Katherine Tully, Ph.D., assistant professor of Plant Science and Landscape Architecture at the University of Maryland, was recently awarded $1.1 million by the National Institute for Food and Agriculture (NIFA) to further her research on sea-level rise and saltwater intrusion on Maryland's Eastern Shore.
Saltwater intrusion reduces soil quality and crop productivity, and increases pollution of nutrients like nitrogen and phosphorus into local waterways around the Chesapeake Bay. Tully’s research combines crop research, wetland ecology, geological and chemical analyses, and economic modeling to determine what crop management strategies work in saltier environments and to identify practical applications that will be the most cost effective and profitable to farmers, while also protecting the environment.
“The first European colonies were established in the Chesapeake Bay region, making this home to some America’s first farmlands. Sadly, some of the farms losing land to sea level rise date back to the 1630s,” explains Tully, assistant professor in UMD’s College of Agriculture and Natural Resources. “In some places, tidal marshes are not just taking over fields, but creating ghost towns. It is another side effect of our changing climate and a threat to our agricultural industry and the viability of farming in this area.”
The research will be conducted through a variety of field trials and greenhouse experiments that will help determine what crops can survive and are productive in the new saltier environment. Trade-off analysis will be conducted to determine the best options for farmers economically, while also protecting the environment and the Bay from added nutrient runoff. Tully's multi-disciplinary team of collaborators includes Dr. Keryn Gedan (George Washington University), Dr. Jarrod Miller (University of Delaware), and Dr. Rebecca Epanchin-Niell (Resources for the Future).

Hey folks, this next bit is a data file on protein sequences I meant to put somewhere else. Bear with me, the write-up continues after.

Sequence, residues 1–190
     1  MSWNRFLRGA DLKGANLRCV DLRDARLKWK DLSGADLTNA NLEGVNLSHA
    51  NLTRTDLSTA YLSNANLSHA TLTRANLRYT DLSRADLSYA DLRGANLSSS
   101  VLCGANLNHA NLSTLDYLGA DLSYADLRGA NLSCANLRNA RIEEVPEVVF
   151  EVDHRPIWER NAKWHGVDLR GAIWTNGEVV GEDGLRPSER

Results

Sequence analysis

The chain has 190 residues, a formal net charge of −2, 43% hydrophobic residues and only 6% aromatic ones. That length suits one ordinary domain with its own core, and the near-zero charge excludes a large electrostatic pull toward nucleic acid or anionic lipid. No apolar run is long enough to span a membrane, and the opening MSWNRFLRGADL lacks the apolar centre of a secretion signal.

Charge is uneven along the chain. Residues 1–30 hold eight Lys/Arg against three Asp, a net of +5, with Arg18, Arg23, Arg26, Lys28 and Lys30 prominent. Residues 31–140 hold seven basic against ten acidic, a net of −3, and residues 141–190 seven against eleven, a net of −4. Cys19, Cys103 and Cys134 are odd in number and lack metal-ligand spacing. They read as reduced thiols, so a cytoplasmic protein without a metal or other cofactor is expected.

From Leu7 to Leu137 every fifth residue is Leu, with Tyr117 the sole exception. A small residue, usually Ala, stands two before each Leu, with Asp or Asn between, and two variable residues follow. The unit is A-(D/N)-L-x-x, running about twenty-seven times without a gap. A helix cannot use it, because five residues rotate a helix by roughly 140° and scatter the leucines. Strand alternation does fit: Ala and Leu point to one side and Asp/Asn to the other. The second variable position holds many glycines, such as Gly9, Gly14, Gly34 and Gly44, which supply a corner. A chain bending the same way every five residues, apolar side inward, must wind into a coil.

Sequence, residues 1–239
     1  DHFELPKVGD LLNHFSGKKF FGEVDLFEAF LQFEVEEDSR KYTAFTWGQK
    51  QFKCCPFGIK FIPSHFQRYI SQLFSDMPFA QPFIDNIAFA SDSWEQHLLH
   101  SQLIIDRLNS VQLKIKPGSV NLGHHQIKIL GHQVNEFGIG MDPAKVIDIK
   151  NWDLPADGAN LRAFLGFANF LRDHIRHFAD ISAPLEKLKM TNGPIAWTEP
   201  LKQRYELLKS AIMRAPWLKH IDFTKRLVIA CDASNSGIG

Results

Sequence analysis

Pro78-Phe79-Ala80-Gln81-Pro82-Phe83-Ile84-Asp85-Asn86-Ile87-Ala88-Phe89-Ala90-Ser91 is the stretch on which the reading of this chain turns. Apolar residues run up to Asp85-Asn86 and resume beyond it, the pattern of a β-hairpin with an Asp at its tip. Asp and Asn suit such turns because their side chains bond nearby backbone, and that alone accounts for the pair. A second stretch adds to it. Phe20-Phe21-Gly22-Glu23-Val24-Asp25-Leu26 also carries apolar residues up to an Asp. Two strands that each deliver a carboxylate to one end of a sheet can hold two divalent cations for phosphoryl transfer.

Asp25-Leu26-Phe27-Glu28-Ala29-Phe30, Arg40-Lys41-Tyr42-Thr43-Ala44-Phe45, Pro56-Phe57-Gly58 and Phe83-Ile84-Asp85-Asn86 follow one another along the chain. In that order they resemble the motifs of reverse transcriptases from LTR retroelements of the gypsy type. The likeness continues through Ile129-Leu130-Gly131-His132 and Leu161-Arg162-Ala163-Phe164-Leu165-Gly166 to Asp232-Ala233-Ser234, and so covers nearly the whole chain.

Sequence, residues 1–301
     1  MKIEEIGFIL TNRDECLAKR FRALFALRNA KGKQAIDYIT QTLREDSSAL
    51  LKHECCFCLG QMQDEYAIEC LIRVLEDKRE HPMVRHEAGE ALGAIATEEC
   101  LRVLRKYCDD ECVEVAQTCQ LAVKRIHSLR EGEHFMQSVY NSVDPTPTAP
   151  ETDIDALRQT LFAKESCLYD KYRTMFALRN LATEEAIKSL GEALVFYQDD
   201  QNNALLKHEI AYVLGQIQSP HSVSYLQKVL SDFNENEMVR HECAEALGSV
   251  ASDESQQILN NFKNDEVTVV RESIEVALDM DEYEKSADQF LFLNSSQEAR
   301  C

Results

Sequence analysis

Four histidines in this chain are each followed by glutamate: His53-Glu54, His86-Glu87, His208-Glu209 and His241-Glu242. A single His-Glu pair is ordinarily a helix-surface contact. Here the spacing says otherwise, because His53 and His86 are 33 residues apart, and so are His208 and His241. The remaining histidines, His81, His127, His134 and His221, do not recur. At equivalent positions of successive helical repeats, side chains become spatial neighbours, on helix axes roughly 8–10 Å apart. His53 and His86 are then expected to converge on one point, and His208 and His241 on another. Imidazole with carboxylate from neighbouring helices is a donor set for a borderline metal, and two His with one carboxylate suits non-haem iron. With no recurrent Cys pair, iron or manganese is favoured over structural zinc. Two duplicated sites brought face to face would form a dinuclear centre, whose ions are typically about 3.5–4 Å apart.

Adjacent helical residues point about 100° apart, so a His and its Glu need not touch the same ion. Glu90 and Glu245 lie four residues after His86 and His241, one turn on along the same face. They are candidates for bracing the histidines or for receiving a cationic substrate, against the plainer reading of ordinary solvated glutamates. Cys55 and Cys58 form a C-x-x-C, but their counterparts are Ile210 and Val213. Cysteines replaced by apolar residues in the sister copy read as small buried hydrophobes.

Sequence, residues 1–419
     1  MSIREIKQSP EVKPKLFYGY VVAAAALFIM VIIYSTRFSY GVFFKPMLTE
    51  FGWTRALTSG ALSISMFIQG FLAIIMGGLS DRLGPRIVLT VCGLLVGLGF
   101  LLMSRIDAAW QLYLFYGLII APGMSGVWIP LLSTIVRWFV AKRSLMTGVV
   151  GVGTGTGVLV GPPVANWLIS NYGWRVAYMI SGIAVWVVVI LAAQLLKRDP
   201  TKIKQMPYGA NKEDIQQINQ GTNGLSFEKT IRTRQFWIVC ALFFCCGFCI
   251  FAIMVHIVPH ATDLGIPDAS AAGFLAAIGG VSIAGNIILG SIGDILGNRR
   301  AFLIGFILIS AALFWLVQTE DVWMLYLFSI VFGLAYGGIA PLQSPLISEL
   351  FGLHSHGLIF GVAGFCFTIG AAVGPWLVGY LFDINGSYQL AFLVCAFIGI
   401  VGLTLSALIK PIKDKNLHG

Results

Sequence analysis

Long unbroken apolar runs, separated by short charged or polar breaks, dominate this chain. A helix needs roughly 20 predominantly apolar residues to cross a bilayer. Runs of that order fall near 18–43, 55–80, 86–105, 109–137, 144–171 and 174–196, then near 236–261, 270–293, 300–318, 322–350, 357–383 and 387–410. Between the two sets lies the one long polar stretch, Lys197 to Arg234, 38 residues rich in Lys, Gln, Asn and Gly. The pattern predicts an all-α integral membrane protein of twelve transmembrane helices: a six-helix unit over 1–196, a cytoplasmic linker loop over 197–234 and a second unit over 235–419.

“Our long-term goal is the development of agroecosystems that are resilient in the face of rising sea levels and saltwater intrusion,” says Tully. “But this project is unique in that it combines many different disciplines and takes research directly into practical application and education for the farming community. Once we determine what the most cost effective strategies are, we will be sharing our results with farmers and extension agents to directly improve environmental and economic outcomes.”
The project’s outreach initiatives will include webinars, the creation of educational materials, and train-the-trainer sessions to help ensure that the information is distributed as widely as possible.
“We are very excited about this project and the opportunity to expand it further,” says Tully. “It supports the College’s goals to improve the health of the Chesapeake Bay, advance agricultural production and farm viability, and promote environmental health and awareness in the face of a changing climate.”